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Accessing tables from C extensions for Postgres

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Accessing tables from C extensions for Postgres

Hello everyone

This time I’m not talking about using Python or another CSS/HTML trick, and, alas, not about how I spent 5 years porting Vangers but about one important aspect of writing extensions for the wonderful PostgresSQL DBMS.
In fact, there are already quite a few articles on how to write a C extension for Postgres (for example, this one ), including the in Russian But, as a rule, they describe rather simple cases. In these articles and instructions, the authors implement functions that receive input data, process it somehow, and then return a single number, string, or user type. They don’t explain what to do if you need to run a regular table that exists in the database, or an index, from C code.
The C tables can be accessed through the well described but slow SPI (Server Programming Interface) There is also a very complicated way, through buffers and I will try to tell you about the compromise. I’ve tried to give you code examples with detailed explanations.

Basics

I assume you have already written your simple functions, and you have seen that they are declared in a clever way :

Datumto_regclass(PG_FUNCTION_ARGS);

and you can’t just call a function like that. Let’s just take the function to_regclass :

Datummy_index_oid_datum = DirectFunctionCall1(to_regclass, CStringGetDatum("my_index"));Oidmy_index_oid = DatumGetObjectId(my_index_oid_datum);

In this code I call the function to_regclass , using a macro to convert the name of a database object (index, table, etc.) to its Oid (a unique number in the directory). This function has only one argument, so the macro with the telling name DirectFunctionCall1 has one at the end. In the file include/fmgr.h macros up to 9 arguments are declared. The arguments themselves are always of the universal type Datum , which is why the string "my_index" is cast to Datum by means of the function CStringGetDatum Postgres functions in principle communicate by means of Datum , so the result of our macro will be a value of type Datum After that we need to convert it to the type Oid using the macro DatumGetObjectId All possible conversions can be found here : include/postgres.h
I will also explain one more thing: in C it is common practice to declare variables at the beginning of a block, but I declare them where I start using them for clarity. In practice, you don’t write them that way.

Tableaccess

Let me explain right away why SPI is slow. The point is that a request made with SPI goes through all the steps of parsing and planning. Besides, going the easy way, where there is no magic, does not seem interesting to me.
The next thing I want to say about names is that in Postgres they are confusing! Because of the long history of the project, there are a lot of strange names for types, methods and functions left in the code.
Before reading on, it’s a good idea to have a basic understanding of the Postgres MVCC. All the examples below only work in an existing transaction and you’ll need a lot more magic if you find yourself in a place where you don’t already have one.
So, let’s say we just want to run through a table which contains two fields : int id and text nickname, and output them in the log. First, we need to open a heap (table) with a certain locking :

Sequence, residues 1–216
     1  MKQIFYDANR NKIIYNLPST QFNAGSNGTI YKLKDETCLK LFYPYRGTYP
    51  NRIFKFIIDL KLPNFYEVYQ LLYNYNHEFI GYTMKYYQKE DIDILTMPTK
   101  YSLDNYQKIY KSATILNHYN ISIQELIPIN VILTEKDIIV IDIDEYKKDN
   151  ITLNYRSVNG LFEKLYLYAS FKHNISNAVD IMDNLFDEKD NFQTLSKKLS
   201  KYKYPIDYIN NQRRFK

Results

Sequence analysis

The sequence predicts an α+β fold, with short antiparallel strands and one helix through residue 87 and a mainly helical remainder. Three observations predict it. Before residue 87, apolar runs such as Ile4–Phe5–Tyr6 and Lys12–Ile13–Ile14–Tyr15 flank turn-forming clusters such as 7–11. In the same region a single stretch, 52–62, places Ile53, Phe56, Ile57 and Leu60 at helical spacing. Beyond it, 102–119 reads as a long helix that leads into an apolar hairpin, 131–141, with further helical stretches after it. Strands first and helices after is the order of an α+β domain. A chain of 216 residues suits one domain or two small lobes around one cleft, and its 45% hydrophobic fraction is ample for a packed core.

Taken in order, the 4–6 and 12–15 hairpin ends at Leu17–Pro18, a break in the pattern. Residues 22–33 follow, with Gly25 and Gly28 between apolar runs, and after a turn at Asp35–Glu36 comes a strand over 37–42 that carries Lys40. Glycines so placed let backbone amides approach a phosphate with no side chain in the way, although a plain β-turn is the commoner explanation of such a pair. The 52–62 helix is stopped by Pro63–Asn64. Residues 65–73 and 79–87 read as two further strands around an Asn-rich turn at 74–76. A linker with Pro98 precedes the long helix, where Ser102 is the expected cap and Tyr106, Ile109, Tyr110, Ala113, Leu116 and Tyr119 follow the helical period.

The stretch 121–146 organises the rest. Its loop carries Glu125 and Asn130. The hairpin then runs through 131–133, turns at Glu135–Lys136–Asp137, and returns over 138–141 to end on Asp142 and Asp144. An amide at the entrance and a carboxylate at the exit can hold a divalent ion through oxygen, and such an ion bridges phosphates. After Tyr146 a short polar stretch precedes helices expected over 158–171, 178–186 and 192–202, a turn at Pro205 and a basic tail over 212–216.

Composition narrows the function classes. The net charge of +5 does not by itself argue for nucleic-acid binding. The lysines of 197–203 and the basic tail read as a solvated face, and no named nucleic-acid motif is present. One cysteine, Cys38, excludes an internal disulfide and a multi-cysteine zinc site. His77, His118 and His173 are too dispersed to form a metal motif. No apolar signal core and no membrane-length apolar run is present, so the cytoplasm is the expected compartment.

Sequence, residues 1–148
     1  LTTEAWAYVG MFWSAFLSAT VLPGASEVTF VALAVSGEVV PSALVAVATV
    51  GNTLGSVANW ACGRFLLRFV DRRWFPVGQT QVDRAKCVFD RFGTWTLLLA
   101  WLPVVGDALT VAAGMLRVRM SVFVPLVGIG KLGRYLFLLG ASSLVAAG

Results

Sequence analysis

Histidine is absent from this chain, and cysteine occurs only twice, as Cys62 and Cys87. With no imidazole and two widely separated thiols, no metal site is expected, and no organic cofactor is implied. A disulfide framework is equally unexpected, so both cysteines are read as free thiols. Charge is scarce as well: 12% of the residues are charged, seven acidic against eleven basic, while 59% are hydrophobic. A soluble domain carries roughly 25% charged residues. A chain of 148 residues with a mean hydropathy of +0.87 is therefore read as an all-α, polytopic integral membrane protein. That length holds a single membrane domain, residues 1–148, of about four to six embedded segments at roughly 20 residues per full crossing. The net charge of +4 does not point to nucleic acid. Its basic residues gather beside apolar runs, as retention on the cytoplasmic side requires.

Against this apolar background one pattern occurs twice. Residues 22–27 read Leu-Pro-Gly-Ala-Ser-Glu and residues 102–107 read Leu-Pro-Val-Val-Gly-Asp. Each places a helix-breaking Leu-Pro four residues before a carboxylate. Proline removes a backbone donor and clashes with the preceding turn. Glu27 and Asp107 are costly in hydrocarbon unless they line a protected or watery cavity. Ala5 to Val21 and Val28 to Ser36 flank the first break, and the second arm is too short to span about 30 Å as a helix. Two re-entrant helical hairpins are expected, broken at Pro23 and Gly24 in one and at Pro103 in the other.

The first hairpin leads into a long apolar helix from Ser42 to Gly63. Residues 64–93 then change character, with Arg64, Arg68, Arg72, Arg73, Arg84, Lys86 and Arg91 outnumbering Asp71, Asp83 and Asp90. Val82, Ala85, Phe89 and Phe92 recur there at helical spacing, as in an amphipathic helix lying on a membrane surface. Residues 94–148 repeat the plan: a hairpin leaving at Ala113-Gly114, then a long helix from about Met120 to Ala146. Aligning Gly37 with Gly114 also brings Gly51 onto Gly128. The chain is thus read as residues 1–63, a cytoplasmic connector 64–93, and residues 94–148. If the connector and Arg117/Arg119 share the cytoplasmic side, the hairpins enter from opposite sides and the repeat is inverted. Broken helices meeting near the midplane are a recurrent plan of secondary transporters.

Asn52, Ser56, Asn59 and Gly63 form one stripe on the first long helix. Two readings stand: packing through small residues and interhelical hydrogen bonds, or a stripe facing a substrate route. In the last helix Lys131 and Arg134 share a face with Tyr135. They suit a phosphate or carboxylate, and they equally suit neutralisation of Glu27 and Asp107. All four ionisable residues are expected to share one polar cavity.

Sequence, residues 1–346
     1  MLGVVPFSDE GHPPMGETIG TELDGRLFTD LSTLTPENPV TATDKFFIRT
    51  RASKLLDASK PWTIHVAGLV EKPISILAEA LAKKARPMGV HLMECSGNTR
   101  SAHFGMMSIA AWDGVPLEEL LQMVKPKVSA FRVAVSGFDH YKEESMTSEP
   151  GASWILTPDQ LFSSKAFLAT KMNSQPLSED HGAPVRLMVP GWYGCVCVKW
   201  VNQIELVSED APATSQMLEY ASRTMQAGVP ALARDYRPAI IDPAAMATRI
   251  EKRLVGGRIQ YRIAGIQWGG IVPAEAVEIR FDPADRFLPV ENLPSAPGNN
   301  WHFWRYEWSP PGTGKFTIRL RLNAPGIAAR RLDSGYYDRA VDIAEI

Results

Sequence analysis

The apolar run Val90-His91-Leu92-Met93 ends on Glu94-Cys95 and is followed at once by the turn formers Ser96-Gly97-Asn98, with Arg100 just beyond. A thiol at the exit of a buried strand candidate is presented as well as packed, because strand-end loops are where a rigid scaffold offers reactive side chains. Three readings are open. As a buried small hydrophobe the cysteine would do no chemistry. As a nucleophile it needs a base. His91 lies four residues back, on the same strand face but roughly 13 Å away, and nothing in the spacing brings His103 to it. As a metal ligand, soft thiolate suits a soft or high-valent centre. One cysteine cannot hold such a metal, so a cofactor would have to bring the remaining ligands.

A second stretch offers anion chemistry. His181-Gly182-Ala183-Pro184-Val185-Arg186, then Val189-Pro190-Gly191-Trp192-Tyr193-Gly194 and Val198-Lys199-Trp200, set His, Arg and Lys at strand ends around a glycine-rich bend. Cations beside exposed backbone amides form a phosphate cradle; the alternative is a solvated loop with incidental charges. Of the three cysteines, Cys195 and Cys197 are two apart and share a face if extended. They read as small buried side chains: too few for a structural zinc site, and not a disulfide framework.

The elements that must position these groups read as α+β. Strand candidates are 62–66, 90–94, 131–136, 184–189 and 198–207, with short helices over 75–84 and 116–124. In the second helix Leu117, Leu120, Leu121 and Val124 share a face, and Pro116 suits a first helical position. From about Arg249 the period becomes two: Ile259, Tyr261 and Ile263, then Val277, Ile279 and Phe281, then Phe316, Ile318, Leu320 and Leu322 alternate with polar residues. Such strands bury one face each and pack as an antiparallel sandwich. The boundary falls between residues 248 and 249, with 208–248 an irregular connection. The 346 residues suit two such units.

RangeVar*table_rv = makeRangeVar("public", "my_table", -1);Relationtable_heap = heap_openrv(table_rv, AccessShareLock);

Instead of a function heap_openrv you can use heap_open which has the first argument of Oid table (you can get it with the function in the first part of the article). I think the purpose of RangeVar is intuitively clear, but let’s dwell on the locks. The lock types are declared in the file include/storage/lockdefs.h with fairly self-explanatory comments. You can see this information in table :

AccessShareLock SELECT
RowShareLock SELECT FOR UPDATE/FOR SHARE
RowExclusiveLock INSERT, UPDATE, DELETE
ShareUpdateExclusiveLock VACUUM (non-FULL), ANALYZE, CREATE INDEX CONCURRENTLY
ShareLock CREATE INDEX (WITHOUT CONCURRENTLY)
ShareRowExclusiveLock like EXCLUSIVE MODE, but allows ROW SHARE
ExclusiveLock blocks ROW SHARE/SELECT…FOR UPDATE
AccessExclusiveLock ALTER TABLE, DROP TABLE, VACUUM FULL, and unqualified LOCK TABLE

Since we only wanted to run through the plate, that is to execute, SeqScan , we select AccessShareLock After we have opened the heap, we need to initialize the table scan process :

HeapScanDescheapScan = heap_beginscan(sr_plans_heap, SnapshotSelf, 0, (ScanKey) NULL);

As expected, we give our heap as the first argument to this function, but SnapshotSelf requires some explanation. The way MVCC works in Postgres assumes that there can be multiple versions of the same table row at any given time, and it is the snapshot (transaction snapshot) that records which ones we can see and which ones we cannot. Except for SnapshotSelf , i.e. the current snapshot of the transaction, there is, for example, SnapshotAny which, by substituting it, we could also see all deleted and changed tuples (table rows). You can see the other views in the include/utils/tqual.h The following arguments to heap_beginscanare the number of search keys (ScanKey) and the keys themselves. The search keys (ScanKey) are essentially conditions, i.e., what you write in WHERE You don’t really need search keys to work with heap, because you can always check the conditions yourself in your code. But for index search we can’t do without their initialization and use.
And now most importantly, appear cycle :

Datum values[2];bool nulls[2];for (;;){HeapTuple local_tuple;local_tuple = heap_getnext(heapScan, ForwardScanDirection);if (local_tuple == NULL)break;heap_deform_tuple(local_tuple, table_heap-> rd_att, values, nulls);elog(WARNING, "Test id:%i nick:%s", DatumGetInt32(values[0]), TextDatumGetCString(values[1]));}